Iola Hunter, Wife Of/and Levin Hunter, Plaintiffs-appellants, v. Intreprinderea De Explore Flott Maritime Navrom, et al.,defendants-appellees, 868 F.2d 1386 (5th Cir. 1989)

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US Court of Appeals for the Fifth Circuit - 868 F.2d 1386 (5th Cir. 1989)

Summary Calendar.

United States Court of Appeals,Fifth Circuit.

Feb. 21, 1989.

Charles W. Dittmer, Jr., Domengeaux & Wright, New Orleans, La., for plaintiffs-appellants.

Robert H. Murphy, Kenneth J. Servay, Peter B. Sloss and Douglas L. Grundmeyer, Chaffe, McCall, Phillips, Toler & Sarpy, New Orleans, La., for Interprinderea.

Richard B. Foster, New Orleans, La., for Comet Rice.

John L. Duvieilh, New Orleans, La., for Cooper.

Appeal from the United States District Court for the Eastern District of Louisiana.

Before GEE, WILLIAMS and HIGGINBOTHAM, Circuit Judges.


Levin Hunter, Sr., and his wife sued the Intreprinderea de Explore Flott Maritime NAVROM ("Navrom") pursuant to the Longshore and Harbor Workers' Compensation Act, 33 U.S.C. § 901 et seq. In a thorough opinion, the district court granted summary judgment for Navrom on the ground that the vessel had no duty to protect Hunter against the condition which caused his injury, 690 F. Supp. 517. On appeal, we affirm.

Hunter was injured while working as a stevedore for Cooper/T. Smith Stevedores, Inc. The Comet Rice Company had engaged Cooper/T. Smith to load rice onto a ship owned by Navrom. To load the rice, Cooper/T. Smith used a spreader bar, a bar with twenty hooks on it. Each hook could support a sling holding twenty-eight bags of rice. As the hold of the ship would fill up, it would become necessary for workers to distribute bags into areas too small to accommodate a full load from the spreader bar. In order to do so, the stevedores cut the slings.

The slings could be cut either when loose or when taut. If they were cut when taut, they tended to "pop" and could be dangerous. At the time of Hunter's accident, Cooper/T. Smith had been using the spreader bar system for three years. Hunter himself was aware that when a taut sling was cut, it would pop.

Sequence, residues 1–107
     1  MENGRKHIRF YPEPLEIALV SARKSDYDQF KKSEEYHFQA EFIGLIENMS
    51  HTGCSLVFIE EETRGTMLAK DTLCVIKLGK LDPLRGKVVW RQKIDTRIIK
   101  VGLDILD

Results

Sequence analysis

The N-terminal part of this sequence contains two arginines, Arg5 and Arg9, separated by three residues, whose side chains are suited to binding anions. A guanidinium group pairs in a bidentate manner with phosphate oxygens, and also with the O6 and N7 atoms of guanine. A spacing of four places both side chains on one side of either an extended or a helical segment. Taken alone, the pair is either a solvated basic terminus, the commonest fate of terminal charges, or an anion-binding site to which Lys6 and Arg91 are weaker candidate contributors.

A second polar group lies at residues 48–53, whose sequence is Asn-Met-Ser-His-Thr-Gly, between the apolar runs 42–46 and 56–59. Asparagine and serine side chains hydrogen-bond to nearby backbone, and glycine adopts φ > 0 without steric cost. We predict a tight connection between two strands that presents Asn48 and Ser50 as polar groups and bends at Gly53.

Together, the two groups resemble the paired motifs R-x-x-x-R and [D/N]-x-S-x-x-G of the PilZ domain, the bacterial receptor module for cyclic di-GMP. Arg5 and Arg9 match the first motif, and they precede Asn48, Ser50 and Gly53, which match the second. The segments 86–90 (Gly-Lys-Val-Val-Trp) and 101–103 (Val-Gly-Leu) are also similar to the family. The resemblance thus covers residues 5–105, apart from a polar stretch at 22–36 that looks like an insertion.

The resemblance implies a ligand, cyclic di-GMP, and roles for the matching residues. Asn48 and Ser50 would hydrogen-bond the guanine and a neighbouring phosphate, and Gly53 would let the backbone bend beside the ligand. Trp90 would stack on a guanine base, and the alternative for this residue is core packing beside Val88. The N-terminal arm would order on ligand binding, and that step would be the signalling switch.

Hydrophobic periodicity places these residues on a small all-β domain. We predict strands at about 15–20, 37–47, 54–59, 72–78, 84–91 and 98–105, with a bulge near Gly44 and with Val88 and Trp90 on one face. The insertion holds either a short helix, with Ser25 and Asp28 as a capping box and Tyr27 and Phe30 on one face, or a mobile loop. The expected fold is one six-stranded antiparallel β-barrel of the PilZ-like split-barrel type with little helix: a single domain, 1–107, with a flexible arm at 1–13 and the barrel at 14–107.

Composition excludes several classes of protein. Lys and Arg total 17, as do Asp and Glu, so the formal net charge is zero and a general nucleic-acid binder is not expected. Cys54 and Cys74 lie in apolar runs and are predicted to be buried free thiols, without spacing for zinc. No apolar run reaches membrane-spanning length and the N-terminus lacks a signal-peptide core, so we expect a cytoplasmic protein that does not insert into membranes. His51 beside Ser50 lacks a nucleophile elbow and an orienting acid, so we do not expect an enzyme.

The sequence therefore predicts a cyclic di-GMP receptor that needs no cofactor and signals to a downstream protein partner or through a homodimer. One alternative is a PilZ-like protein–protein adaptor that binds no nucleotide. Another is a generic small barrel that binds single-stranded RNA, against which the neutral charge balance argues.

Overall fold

Hunter cut a sling when it was taut. It popped, and hit him in the eye.

On an appeal from summary judgment, we review de novo. We consider any disputed material facts in the light most favorable to the non-movant.

The district court correctly noted several uncontested facts. First, Hunter's accident was caused by the manner and method used to de-sling the rice packages. Second, the crane and spreader bar used to lower the rice into the vessel were owned by and under the control of Cooper/T. Smith. Third, the rice was packaged in its sacks by Comet and the sacks were joined with the slings by Comet. Fourth, Hunter is a covered employee under the LHWCA.

In connection with its duty to view the facts favorably to the non-movant, the district court made several assumptions favorable to Hunter's case. First, it assumed that the stevedore operation which injured Hunter--namely, cutting the tight slings--was a dangerous practice. Second, it assumed that the vessel owner had actual and complete knowledge of these practices and their dangerous character. Third, it assumed that Hunter could not avoid the danger.

The district court nonetheless found it appropriate to grant summary judgment for Navrom, relying on this Circuit's decision in Casaceli v. Martech International Inc., 774 F.2d 1322 (5th Cir. 1985), cert. denied, 475 U.S. 1108, 106 S. Ct. 1516, 89 L. Ed. 2d 914 (1986). The Casaceli court held that even when a shipowner knows of a danger on the ship, the shipowner nonetheless has no duty to intervene on the longshoreman's behalf so long as the danger is "an open and obvious transitory condition created and controlled by the independent contractor, and wholly related to the contractor's gear and operations." 774 F.2d at 1327.

The Casaceli court listed six factors relevant to determining whether a ship owner has a duty to intervene to protect against risks created by a stevedoring company. 774 F.2d at 1328. The district court applied the six factors carefully, and found it decisive that the dangerous condition had nothing to do with the vessel's gear; that the vessel did not own the defective item; that there was no allegation of an affirmative act of negligence by the vessel; and that the shipowner had not assumed any duty with regard to the dangerous condition.

We agree with this analysis. Hunter's brief on appeal says nothing to call the district court's reasoning into question. Indeed, the brief makes no mention of either Casaceli or any subsequent decision.

The judgment of the district court is therefore in all respects